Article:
Are you like me and cannot wrap your head around why so many people can make perfect latte art? Check out our guide on getting started with latte art and getting your milk to the consistency it needs to be successful.
Typically, milk for a latte should be steamed to around 160-170°F (71-77°C). The milk should also be frothed until it is smooth and velvety, with a thick foam on top. The process of steaming milk usually takes around 2-3 minutes. It’s important to note that the time it takes to steam milk can vary depending on the temperature of the milk, the type of milk being used, and the equipment being used to steam it. Not everyone has a thermometer, and I think it is too much work to include a thermometer in this process. Practice and feel are needed to become an expert at steaming milk. I recommend feeling the pitcher constantly; eventually, you will know when you are in the desired zone. After this guide and a bit more practice, you will have better luck making latte art.
Steam Wand Depth
Most espresso machines have a steam wand for steaming and frothing your milk. Many people need to learn the right and wrong ways of using them! Getting your milk the correct consistency is one of the first and most essential steps to swirling up some beautiful latte art.
When it comes to steam wand depth in the milk pitcher, you want to be in the sweet spot. Avoid having the tip too close to the top of the milk to get to the sweet spot. Also, go only so deep that it is close to the bottom of the milk pitcher.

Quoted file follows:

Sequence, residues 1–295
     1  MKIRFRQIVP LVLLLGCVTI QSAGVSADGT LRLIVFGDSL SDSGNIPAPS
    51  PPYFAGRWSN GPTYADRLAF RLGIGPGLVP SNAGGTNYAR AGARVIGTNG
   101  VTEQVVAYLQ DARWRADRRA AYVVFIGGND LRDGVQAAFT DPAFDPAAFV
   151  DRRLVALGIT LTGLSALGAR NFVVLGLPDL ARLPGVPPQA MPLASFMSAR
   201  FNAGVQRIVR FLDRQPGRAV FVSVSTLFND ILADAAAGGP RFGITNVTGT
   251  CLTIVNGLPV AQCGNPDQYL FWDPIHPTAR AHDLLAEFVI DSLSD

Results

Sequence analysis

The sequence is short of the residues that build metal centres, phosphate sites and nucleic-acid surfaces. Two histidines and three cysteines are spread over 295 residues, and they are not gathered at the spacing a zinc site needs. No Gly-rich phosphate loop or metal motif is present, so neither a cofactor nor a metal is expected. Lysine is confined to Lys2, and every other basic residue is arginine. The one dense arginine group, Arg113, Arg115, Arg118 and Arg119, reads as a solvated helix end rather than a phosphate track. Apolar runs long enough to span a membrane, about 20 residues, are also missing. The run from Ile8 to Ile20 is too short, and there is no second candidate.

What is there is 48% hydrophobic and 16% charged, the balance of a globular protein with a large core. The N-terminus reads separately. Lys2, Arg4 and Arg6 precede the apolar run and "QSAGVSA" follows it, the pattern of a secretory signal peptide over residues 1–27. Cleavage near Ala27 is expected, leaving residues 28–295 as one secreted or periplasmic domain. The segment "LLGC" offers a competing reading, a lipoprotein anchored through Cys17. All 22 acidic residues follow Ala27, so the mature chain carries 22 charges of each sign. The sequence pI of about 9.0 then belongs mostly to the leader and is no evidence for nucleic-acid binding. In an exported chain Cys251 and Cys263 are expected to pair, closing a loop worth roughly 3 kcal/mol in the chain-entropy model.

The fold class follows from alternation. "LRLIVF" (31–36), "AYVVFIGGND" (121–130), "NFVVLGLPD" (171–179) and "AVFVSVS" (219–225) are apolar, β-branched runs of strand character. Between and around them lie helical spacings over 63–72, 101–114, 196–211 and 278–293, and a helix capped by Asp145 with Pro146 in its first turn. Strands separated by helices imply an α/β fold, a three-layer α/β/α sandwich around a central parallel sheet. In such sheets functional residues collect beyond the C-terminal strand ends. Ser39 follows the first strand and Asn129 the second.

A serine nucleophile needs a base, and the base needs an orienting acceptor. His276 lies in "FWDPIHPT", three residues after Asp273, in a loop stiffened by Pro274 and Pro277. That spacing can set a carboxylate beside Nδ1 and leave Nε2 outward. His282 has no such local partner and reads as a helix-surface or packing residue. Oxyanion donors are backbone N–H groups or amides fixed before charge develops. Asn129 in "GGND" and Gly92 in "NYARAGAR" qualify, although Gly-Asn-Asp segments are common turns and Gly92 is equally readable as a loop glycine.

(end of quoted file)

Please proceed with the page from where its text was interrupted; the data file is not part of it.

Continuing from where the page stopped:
The depth is critical to silky milk because when the wand is at the top, it incorporates a lot of air into the milk. So much air that the milk will not retain it and shrink down quickly.
Too deep into the pitcher and the wand does not incorporate any air into the milk.
Steam Wand Angle
Once you are in the steam wand sweat spot, you should turn on the wand while it is in your pitcher.
Angling the steam wand at about a 45-degree angle allows the milk to swirl in the pitcher while the air gets slowly incorporated. This whole process should take about 30 seconds.
Once the milk becomes warm or about body temperature, it is time to turn off the wand and remove it.
If done right, your milk should be silky. The benefit of being “silky” is that the milk will retain all the air incorporated from the steam wand instead of deflating or not having enough air. This part takes a lot of practice and feel to get right. It takes a lot of trial and error.
Now that we got our silky milky, we must adjust the angle of your coffee cup or mug. This is another step toward success and is necessary for latte art.
We allow the espresso to pool up more in the mug/cup by adjusting the angle, making a bed for the milk to be poured in. Avoid pouring on the edges and pour the milk directly into the center of the bed of espresso. If you did not get the desired result, you must keep practicing and changing how you prepare your milk. It is likely you need to adjust the air-to-milk ratio. The foam should be dense and creamy, not too light and airy. Make sure you are not over-aerating the milk by steaming it for too long.
The kind of milk pitcher you have can also impact your milk pour. Different-sized pitchers have different tips, and some of these tips can be too wide and make getting the pour right more difficult.
With these tips and practice, you should be pouring latte art in no time!